bigh0rt wrote:Why more so than the others? I checked them all out and I couldn't pin point what you're seeing in that one.
Because I knew saying that would really get under your skin.
No I'm being serious here. The pictures are wild. I was just wondering if I missed something in that specific picture.
It is my understanding that those inland ponds that form after these type of events are pretty devastating because they stagnate rather quickly. Maybe there were one or two other pics that had that happen, too, but that particular picture had the most dramatic creation of a body of water that I noticed.
and then that happened ... and you know what. I live on the wrong side of the trade winds. oh crap!
SOMA, Japan – Japan's nuclear crisis deepened dramatically Tuesday. As safety officials sought desperately to avert catastrophe, the government said radioactive material leaking from reactors was enough to "impact human health" and the risk of more leaks was "very high."
In a nationally televised statement, Prime Minister Naoto Kan said that radiation has spread from four reactors of the Fukushima Dai-ichi nuclear plant in Fukushima province that was one of the hardest-hit in Friday's 9.0-magnitude earthquake and the ensuing tsunami.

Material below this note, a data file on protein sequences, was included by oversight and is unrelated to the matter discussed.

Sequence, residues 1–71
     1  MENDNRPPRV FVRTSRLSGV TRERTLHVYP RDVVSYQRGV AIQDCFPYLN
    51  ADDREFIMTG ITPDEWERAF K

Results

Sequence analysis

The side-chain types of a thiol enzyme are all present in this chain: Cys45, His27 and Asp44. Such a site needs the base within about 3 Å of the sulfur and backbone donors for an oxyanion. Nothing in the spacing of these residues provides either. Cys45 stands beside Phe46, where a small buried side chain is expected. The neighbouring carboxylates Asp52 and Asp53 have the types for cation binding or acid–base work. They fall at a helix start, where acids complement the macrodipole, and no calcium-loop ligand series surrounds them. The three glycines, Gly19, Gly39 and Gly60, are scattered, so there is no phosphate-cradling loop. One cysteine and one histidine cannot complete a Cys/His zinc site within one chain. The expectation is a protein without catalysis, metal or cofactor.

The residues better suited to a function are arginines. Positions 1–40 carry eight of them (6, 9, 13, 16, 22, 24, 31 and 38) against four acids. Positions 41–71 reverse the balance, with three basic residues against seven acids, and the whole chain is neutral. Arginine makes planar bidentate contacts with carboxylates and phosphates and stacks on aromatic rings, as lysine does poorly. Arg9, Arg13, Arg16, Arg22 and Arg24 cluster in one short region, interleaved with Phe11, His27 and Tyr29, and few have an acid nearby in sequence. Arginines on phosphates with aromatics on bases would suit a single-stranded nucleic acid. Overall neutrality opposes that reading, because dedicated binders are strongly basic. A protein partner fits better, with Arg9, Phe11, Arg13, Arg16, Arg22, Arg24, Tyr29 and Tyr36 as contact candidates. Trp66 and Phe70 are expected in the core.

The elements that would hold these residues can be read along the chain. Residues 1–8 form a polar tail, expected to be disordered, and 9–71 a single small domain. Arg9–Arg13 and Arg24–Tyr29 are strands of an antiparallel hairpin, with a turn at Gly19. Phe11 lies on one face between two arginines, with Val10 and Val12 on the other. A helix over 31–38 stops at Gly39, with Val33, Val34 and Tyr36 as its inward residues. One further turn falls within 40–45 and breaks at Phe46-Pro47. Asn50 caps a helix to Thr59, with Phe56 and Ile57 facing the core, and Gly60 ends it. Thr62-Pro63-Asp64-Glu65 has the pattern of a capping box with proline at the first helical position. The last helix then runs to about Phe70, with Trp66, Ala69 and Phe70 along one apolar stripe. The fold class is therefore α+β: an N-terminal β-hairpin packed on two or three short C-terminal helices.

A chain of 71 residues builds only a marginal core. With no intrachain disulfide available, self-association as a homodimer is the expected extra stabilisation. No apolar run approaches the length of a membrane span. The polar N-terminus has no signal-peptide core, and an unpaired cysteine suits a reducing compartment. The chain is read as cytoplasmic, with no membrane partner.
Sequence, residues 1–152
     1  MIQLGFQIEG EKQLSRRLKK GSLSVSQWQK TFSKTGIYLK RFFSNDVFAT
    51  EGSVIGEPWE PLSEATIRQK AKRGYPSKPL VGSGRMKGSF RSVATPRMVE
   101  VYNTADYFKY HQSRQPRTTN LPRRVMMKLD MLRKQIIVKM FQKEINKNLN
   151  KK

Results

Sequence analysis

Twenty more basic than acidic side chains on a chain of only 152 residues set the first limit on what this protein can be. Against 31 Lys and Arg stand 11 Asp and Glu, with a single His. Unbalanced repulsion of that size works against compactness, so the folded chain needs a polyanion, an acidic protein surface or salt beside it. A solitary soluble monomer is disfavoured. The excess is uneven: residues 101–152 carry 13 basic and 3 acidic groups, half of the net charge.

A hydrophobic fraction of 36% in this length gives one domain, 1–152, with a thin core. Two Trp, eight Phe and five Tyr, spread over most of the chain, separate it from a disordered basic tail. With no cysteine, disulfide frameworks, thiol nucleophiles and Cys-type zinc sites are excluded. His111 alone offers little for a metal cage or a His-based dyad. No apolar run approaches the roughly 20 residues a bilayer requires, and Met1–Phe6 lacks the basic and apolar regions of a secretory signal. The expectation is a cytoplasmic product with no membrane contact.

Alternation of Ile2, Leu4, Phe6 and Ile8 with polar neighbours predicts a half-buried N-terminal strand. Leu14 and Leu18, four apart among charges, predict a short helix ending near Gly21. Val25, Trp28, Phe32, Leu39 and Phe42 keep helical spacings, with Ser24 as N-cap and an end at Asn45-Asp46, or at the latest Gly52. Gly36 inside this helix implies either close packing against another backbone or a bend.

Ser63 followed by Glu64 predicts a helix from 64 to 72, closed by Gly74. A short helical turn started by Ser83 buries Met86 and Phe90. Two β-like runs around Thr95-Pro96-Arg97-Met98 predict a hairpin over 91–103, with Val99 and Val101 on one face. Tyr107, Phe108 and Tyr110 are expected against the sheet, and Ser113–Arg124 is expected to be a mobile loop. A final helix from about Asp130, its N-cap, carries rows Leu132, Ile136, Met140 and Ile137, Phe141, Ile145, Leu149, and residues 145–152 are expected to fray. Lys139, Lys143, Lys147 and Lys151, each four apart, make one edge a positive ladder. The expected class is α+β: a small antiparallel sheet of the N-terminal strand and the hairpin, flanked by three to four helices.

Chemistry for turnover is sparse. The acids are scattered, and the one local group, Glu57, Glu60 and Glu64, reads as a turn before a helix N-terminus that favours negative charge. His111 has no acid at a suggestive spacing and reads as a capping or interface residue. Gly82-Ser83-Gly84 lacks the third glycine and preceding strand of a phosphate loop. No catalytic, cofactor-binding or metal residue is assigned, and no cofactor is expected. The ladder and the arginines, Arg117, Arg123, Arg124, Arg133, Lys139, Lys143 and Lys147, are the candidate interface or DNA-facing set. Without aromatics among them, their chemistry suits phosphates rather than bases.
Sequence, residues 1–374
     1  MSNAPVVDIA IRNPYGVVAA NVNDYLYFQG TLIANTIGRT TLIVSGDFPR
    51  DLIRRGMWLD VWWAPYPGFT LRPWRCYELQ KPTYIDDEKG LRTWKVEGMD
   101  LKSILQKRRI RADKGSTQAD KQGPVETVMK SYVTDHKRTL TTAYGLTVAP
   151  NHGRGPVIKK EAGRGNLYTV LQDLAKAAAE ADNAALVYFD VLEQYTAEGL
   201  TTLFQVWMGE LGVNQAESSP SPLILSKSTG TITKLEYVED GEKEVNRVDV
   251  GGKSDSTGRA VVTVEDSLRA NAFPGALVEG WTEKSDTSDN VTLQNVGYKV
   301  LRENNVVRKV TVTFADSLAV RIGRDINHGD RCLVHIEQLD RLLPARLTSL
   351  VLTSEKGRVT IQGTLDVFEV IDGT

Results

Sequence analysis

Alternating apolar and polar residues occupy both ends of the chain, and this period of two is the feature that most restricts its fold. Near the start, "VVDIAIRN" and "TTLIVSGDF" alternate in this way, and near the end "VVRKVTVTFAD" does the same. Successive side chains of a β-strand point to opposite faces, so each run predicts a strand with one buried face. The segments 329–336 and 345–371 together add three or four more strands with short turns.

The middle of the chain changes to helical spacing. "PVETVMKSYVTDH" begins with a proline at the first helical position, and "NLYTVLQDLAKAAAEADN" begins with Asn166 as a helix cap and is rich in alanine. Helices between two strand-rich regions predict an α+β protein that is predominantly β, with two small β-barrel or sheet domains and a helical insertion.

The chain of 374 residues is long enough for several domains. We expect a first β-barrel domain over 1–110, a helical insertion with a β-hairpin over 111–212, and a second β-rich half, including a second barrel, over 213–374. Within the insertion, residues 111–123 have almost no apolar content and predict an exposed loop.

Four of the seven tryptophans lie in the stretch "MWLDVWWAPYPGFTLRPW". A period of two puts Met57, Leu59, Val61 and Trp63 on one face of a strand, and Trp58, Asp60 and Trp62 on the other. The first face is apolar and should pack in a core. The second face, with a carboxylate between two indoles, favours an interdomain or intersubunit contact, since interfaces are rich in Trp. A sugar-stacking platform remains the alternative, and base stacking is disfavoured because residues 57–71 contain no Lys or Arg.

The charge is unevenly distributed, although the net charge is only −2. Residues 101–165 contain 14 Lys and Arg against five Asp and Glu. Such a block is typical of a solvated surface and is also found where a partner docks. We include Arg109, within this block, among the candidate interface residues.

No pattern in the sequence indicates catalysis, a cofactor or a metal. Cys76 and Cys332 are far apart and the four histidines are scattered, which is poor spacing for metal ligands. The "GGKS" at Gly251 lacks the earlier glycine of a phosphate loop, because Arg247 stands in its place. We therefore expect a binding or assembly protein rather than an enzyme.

He urged anyone within 19 miles (30 kilometers) of the plant to stay indoors or risk getting radiation sickness. "The level seems very high, and there is still a very high risk of more radiation coming out," Kan said.
"Now we are talking about levels that can damage human health. These are readings taken near the area where we believe the releases are happening. Far away, the levels should be lower," he said. "Please do not go outside. Please stay indoors. Please close windows and make your homes airtight. Don't turn on ventilators. Please hang on your laundry indoors," he said. "These are figures that potentially affect health, there is no mistake about that," he said.
Japan's meteorological agency reported one good sign. It said the prevailing wind in the area of the stricken plant was heading east into the Pacific, which would help carry away any radiation.
To clean up the Chernobyl site after the accident, the Soviet Union conscripted workers in proportion to the size of each of its republics, and developed a system to limit their exposure.
“They sent up to 600,000 people in to clean up the radioactive debris around the plant and build a sarcophagus,” said Dr. John Boice, an author of the study, a professor of medicine at Vanderbilt and the scientific director of the International Epidemiology Institute in Rockvillle, Md.
The workers, known as “liquidators,” were sent into contaminated zones for limited periods and pulled out when their radiation dose reached a certain level.
“To date there’s very little evidence for adverse effects,” Dr. Boice said. “It was pretty smart. A large number of people got a relatively small dose. There may be a small risk of leukemia, but that’s not conclusive.”